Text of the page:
In case you missed it yesterday, in two sporting events, in two vastly contrasting sports, we witnessed two dispicable acts of "fandom" courtesy of some vile Mexican soccer hooligans and some tool at Wrigley field.
First, there was the incident at Estadio Azteca during yesterday's USA-Mexico World Cup Qualifier. I don't think I could adequately describe the putrid act of "fandom" in my own words, so I'll show you how Martin Rogers of Yahoo! Sports painted the picture:
"The man with the tri-colored mohawk took a swig of beer, stuck his fingers down his throat and vomited the mixture back into his cup. In the next seat another man, who was wearing a T-shirt with a cartoon drawing of the decapitated heads of Barack Obama and Landon Donovan, poured out what remained of the Corona beer he had been chugging and urinated into his cardboard drinks container.
Then, according to a neutral bystander who witnessed these disgusting acts, the pair stood on their seats, high-fived and hurled their vile concoctions in the direction of Donovan, the United States men’s national team star who was preparing to take a corner kick 15 yards away."
That's right, Mexican fans were tossing urine and vomit, among other things at US soccer players during yesterday's match.
Then, last night, during the Cubs-Phillies game at Wrigley Field, in the bottom of the 5th inning, Shane Victorino was fielding a flyball at the wall in left-center field. That's when this tool (seriously, a v-neck, "designer" shades, hat tilted slightly to the side AND an unnecessary armband) perfectly timed tossing a beer at Victorino while he caught the ball.
That guy (or someone that security thought was the culprit) was ejected and then there was outrage all over the place about the "classiness" of Cubs fans, some even coming from Philadelphia fans, as I saw on the video a Phillies fan trying to go after the Cub fan as he was being escorted out by security. Now that would be the pot calling the kettle "black," but I digress.
Anyways, that brought up this thought from me via Twitter. Then I wondered why misbehavior, and the throwing of objects onto the pitch, is accepted as commonplace in soccer/futbol while there is outrage when it happens in other sports (ex: the Wrigley incident and oh, how about the Ron Artest saga a few years back).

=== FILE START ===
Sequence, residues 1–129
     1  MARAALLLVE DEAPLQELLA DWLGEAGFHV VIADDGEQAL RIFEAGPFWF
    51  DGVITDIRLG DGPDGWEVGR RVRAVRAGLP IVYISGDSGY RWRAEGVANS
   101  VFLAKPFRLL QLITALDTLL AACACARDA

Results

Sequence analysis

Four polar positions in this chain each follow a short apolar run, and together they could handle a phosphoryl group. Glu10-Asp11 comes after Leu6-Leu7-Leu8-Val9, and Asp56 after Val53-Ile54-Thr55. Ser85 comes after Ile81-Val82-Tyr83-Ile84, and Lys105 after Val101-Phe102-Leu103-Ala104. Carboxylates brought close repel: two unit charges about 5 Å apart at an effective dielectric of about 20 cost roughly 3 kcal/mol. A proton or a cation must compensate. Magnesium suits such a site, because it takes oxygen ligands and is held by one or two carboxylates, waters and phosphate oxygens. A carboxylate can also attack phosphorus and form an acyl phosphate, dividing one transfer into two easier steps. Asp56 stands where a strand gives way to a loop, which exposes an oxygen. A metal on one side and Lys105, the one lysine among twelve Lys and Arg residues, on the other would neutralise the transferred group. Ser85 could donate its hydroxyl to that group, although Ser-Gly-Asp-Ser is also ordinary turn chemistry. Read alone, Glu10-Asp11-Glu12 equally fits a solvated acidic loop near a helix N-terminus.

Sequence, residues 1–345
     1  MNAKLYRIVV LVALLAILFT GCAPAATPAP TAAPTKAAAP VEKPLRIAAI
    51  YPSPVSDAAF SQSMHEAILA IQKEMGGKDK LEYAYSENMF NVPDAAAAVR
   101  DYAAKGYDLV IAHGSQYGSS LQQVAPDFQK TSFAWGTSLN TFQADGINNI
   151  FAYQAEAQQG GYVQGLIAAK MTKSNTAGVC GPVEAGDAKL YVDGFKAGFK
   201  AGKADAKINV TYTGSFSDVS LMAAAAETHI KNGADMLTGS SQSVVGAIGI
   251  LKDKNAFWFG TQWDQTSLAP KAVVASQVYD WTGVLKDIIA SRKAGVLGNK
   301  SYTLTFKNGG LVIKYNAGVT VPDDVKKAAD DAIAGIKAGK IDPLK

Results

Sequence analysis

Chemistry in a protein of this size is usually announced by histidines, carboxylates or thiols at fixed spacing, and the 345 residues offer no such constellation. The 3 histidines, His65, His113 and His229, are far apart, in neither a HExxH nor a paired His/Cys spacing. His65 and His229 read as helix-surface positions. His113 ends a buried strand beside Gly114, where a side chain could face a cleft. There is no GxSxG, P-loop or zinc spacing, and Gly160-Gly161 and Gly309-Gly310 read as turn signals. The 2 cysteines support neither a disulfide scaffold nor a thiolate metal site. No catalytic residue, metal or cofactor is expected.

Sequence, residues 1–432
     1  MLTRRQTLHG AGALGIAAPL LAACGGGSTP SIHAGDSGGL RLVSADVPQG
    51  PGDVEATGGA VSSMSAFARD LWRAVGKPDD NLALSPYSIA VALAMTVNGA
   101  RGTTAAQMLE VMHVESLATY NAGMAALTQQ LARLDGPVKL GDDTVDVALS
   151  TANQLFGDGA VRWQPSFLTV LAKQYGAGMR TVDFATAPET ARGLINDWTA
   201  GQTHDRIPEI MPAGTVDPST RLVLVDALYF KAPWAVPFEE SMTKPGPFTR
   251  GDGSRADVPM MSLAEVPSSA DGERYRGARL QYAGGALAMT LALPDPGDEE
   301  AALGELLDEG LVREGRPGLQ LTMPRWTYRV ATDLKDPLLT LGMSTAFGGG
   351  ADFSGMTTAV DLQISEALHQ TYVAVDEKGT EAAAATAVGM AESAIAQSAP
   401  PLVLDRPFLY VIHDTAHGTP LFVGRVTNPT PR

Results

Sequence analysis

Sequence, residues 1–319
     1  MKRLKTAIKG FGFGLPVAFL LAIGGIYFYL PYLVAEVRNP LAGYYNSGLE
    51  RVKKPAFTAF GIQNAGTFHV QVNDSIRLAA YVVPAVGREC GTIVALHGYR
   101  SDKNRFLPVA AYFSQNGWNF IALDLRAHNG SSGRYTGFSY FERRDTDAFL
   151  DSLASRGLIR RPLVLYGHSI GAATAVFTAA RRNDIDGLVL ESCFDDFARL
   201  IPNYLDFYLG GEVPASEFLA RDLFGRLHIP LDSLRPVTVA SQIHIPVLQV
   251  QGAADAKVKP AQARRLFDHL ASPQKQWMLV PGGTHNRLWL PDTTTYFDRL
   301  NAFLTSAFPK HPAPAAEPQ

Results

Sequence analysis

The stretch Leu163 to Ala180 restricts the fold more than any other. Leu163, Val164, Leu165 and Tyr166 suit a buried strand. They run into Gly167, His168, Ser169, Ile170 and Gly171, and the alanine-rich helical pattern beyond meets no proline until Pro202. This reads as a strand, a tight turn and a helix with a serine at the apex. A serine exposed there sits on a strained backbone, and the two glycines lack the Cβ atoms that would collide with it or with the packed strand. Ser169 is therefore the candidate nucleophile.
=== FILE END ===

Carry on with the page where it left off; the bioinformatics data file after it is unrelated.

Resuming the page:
After conversing with a few other sports fans, including those who are more knowledgeable about soccer than I am, we seem to have an understanding now. As several people explained to me, soccer has a history of hooliganism from its fans, while baseball as (mis)conceived as more "noble and pure" and time-honored in America (that's why it's called America's past-time).
That right there held the answer to my inquiry of why there is more public outrage over a tossed beer than there is over tossed urine and vomit: tradition. Because baseball is regarded (by some) as America's past-time, and is held in such high esteem, we don't expect such stupidity from one of the fans. So when something to this extent occurs on national television, no less, there is outrage, some real and likely some feigned.
The incident in Mexico City on the other hand, occurred in a sport where there is a history of such fanaticism that includes riots and the like. It also happened to occur in a sport that many in the US do not show the same support for, despite it being the most popular sport in the world. Hell, even the US team downplayed the incident after the game, instead putting the focus on the "intimidated referee," while Victorino in turn filed a police report in Chicago following the beer incident.
Now I'm not saying that what the Wrigley fan did was right, in fact, it was stupid and wrong. What I am saying though is that what he did pales in comparison to the type of sportsmanship and fandom that Mexican soccer fans displayed yesterday in Mexico's 2-1 victory over the US. So perhaps we should turn the brunt of the focus away from the beer-tosser and instead lash out at the Mexican soccer fans who committed much more vile and disturbing acts.